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  • Writer's pictureSusan & Renée

Strategies for Managing Uncertainty

Though we are inundated with information, ambiguity and uncertainty abounds in our modern lives. This is especially true right now, given that it is an election year, leaving us with many unknowns for the near future.

Last week we talked about the detrimental effect that dealing with uncertainty has on us as individuals. 

Today we share some tips for managing the variability that has become a mainstay of modern life. By regularly practicing the following strategies, you can minimize the impact that this stress has on your physical, mental, and emotional health. 


Check your narrative: A nervous system in fight or flight mode signals to our mind that there is real and present danger - even when that may not be the case. Recognizing that your body’s response is an age-old adaptation to stress helps us distinguish between a true threat and extreme discomfort. An important presentation to your board of directors may be extremely uncomfortable but it is not life-threatening. Just because your internal smoke alarm is going off, that doesn’t mean there is a fire.

Fine tune your focus: After examining the narrative in your head, you are then better able to focus on what is actually happening. Identify any aspects of the situation where you do have control and take appropriate action. Even if all you can control is your response to the situation, this feels a lot better than sitting idle and feeling helpless.

Complete the stress cycle: In addition to dealing with the actual stress, you also have to deal with the impact the stress has on you. Deliberate activities that discharge the chemicals produced by the disturbance help reset our nervous systems. There are many scientifically proven ways to do this. Physical activity is the most efficient. Other methods include slow deep slow breathing, laughing, and being with pets.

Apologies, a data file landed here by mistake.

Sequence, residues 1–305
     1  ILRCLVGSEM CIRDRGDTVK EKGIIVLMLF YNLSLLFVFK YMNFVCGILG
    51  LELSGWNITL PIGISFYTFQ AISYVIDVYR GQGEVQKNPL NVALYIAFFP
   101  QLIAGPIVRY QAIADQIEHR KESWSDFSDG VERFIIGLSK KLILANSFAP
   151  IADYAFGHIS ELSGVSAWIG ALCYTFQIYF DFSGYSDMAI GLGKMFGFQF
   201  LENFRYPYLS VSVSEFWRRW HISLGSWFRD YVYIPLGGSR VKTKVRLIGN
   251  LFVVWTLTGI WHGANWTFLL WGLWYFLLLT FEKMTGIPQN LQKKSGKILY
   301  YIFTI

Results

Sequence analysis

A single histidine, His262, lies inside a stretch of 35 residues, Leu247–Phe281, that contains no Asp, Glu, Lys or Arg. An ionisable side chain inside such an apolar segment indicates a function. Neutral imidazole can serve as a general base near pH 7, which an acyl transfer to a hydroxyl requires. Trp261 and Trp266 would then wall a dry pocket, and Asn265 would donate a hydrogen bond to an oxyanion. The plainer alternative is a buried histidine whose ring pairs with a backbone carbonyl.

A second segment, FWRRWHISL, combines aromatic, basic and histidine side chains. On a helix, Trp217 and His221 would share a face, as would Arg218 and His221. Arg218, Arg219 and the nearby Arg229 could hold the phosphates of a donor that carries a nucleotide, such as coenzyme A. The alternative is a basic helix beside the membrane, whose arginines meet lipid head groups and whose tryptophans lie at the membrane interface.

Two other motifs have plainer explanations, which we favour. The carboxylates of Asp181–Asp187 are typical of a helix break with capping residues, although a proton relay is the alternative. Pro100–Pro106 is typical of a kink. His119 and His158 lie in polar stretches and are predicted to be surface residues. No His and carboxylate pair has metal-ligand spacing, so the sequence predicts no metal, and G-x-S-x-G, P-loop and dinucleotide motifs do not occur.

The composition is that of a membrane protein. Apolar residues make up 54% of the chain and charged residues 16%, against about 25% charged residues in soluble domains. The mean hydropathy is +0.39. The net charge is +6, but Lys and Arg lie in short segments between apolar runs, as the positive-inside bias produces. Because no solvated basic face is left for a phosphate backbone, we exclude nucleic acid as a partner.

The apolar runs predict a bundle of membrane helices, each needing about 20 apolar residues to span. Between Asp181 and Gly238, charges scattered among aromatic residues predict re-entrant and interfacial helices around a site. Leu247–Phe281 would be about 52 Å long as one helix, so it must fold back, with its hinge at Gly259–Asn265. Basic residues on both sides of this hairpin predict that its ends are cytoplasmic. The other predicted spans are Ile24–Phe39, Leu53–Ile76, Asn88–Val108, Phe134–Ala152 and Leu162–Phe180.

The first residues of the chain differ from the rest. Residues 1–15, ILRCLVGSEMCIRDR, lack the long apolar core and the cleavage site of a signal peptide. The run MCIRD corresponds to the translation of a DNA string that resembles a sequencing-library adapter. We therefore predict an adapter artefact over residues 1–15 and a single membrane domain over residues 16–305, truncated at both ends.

Connect with others: Positive social interaction signals to our brain that the world is a safe place and can help re-regulate an activated nervous system. This ranges from simply telling your barista to have a good day to an extended hug with a trusted friend or loved one. Be deliberate about making human connections. Simply putting the phone down and looking at the person you are talking to, is a great place to start.

Zoom Out: When under threat our brain automatically focuses on the core aspects that are most relevant to our safety. If we’re being attacked by a wild animal, for example, our brains will zero in on the teeth and claws of the beast and focus less on peripheral details such as the kind of bush nearby. Taking a big picture perspective gives context to the stressor and allows us to see the various factors that may be at play. It also encourages adaptation by keeping us open to different possible responses. Concrete ways to do this involve connecting with something bigger than yourself such as gazing at the stars, remembering the resilience of your ancestors, listening to a beautiful piece of music, doing something creative, serving others or engaging with your faith beliefs.


One thing we do know for sure is that the world will continue to change. Learning ways to help our bodies and psyches adapt to these changes will help us stay agile and resilient.


Our next blog will provide tips for leaders who are steering their organizations through uncertain times. 

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